Richard Harris (1930 - 2002)
Born in 1930 in Limerick, Ireland, Richard Harris enjoyed a long career on stage and screen. Renowned as a firebrand and hell-raiser, he was a commanding presence and possessed a voice both assertively gravelly and reassuringly soft.
He won an Oscar® nomination for his first major role, as a miner turned rugby player in Lindsay Anderson's This Sporting Life (1963), and went on to play many other memorable parts. He starred as King Arthur (a precursor, perhaps, of Professor Dumbledore) in Camelot (1967), a musical in which he later toured on stage. He played an English aristocrat in the western, A Man Called Horse (1970) and the role of 'English Bob' in Clint Eastwood's hard-edged classic, Unforgiven (1992).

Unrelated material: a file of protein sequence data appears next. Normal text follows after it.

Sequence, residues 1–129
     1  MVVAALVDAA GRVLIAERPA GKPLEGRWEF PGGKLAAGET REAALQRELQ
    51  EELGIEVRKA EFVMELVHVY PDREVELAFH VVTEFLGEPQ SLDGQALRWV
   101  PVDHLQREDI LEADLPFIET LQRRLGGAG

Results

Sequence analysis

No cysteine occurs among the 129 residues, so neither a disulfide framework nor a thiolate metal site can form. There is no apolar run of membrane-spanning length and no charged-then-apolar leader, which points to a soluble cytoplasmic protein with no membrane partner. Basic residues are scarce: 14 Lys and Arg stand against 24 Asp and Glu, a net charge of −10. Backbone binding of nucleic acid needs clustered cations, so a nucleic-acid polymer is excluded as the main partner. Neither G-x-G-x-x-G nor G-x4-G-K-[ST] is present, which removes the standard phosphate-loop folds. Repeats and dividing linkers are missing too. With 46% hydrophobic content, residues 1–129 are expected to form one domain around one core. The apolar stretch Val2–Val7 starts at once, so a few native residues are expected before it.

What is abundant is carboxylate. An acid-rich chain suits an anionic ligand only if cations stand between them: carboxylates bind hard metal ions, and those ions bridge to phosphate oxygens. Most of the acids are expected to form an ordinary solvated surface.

Harris averaged about a film a year throughout his career, including the title role in Cromwell (1970), Golden Rendezvous (1977) opposite his wife, Ann Turkel, The Wild Geese (1978) alongside Richard Burton and Roger Moore, and The Field (1990), for which he was again Oscar®-nominated.
On the day Harris died in hospital - 25 October 2002 - having suffered from Hodgkin's disease for some months, a press conference was held in London to launch the second Harry Potter film, The Chamber of Secrets, in which he reprised his role as Dumbledore, majestic headmaster of Hogwarts.